For me, today will be one of the most emotional days of my life. Manchester United, our beloved club, will see a hero play his last ever match at Old Trafford, the Theatre of Dreams.

The Ginger Prince wasn’t a member of the team that won the FA Youth Cup in 1992, but he still goes down on that list of ‘kids’; along with David Beckham, Gary Neville, Ryan Giggs and Nicky Butt. All the players listed in the last sentence are well respected within the club and world football, not only for proving Alan Hansen wrong, but because they’re true reds.

Scholesy was a rotation striker in his early years, later pulled back into midfield. I would go on about Wayne Rooney going down the same route but today it’s about Paul Scholes – nobody else.

Like another club legend (Bobby Charlton) ‘Sat Nav’ scored twice in his debut. Ferguson knew he had something special on that day in September 1994. His two goals helped United in a 2-1 victory over Port Vale in the Football League Cup.

Manchester United fans got to see a lot more of Scholes in 1995-96, when Mark Hughes moved to Stamford Bridge. In all competitions that year, he managed to score fourteen goals helping United become the first English team to win the double twice. It wasn’t until the 1997-98 season, he was pulled back into a more central position – due to a knee injury Roy Keane picked up. The same injury Alf-Inge Haaland accused Keano of feigning to avoid punishment.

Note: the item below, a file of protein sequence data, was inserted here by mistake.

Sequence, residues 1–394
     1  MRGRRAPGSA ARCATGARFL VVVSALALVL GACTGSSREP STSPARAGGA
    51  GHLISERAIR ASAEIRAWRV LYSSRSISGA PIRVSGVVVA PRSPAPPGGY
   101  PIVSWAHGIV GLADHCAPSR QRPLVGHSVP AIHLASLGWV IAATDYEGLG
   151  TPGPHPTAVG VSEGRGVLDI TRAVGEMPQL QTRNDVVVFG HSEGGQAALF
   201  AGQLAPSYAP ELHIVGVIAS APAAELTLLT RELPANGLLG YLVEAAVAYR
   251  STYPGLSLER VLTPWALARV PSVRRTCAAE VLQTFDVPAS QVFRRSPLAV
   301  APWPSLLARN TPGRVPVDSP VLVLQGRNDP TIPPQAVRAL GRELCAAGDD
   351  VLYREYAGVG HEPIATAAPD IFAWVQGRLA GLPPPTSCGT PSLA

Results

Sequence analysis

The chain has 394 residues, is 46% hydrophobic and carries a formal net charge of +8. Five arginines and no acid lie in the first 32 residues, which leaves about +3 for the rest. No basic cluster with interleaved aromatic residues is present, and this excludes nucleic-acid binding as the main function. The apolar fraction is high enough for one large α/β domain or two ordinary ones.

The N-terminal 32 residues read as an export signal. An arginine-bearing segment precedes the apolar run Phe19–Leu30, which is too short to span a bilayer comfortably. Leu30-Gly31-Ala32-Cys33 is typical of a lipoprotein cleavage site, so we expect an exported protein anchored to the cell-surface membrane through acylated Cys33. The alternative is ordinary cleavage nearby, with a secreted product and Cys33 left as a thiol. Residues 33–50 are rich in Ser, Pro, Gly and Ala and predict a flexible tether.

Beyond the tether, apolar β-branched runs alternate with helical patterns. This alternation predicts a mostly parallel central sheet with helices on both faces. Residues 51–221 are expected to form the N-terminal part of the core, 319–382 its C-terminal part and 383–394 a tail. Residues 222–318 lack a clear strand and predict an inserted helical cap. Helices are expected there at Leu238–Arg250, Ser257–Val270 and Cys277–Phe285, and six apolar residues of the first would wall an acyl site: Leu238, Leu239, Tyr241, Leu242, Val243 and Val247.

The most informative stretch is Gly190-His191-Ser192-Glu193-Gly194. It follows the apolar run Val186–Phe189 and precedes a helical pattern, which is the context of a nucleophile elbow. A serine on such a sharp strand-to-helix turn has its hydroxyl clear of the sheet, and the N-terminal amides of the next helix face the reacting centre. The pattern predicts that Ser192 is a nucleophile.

Anyway, on to the rest of Scholes’ career as a Red. I think it’s fair to say everything Eric Cantona taught, Scholes knew. He could control a game with ease. It always looked like he always had a yard of space in his back pocket – a bit like Andrés Iniesta in the modern game.

You can say no words will do this man justice but if I was to pick three, and three only… they would have to be: Touch, Control, Pass. These words are probably the best to describe Paul Scholes on the pitch. Off the pitch, he was a true professional. An extremely shy one.

As his career went on, Scholes didn’t score as many goals. But the strikes against Aston Villa and Barcelona will stand out when people look back at what he did for Manchester United. It’s not about the goals though; his range of passing never seemed to decline with age. To this day, Scholes can still glide a ball 40+ yards across the pitch without struggle.

In a knowledgeable footballing nation the emerging of a player like Scholes dictates everything for a decade. Players like the Ginger Prince don’t come around very often – that’s why there’s pressure on Ferguson at the minute to find a player that can sit in the same position as the red-head. There’s no point asking for a replacement because Scholes cannot be replaced.

I’ve embedded a song by Ian Brown below called ‘Always Remember Me’. I think it fits this article perfectly.

Goodbye Scholes, thanks for all the happy memories.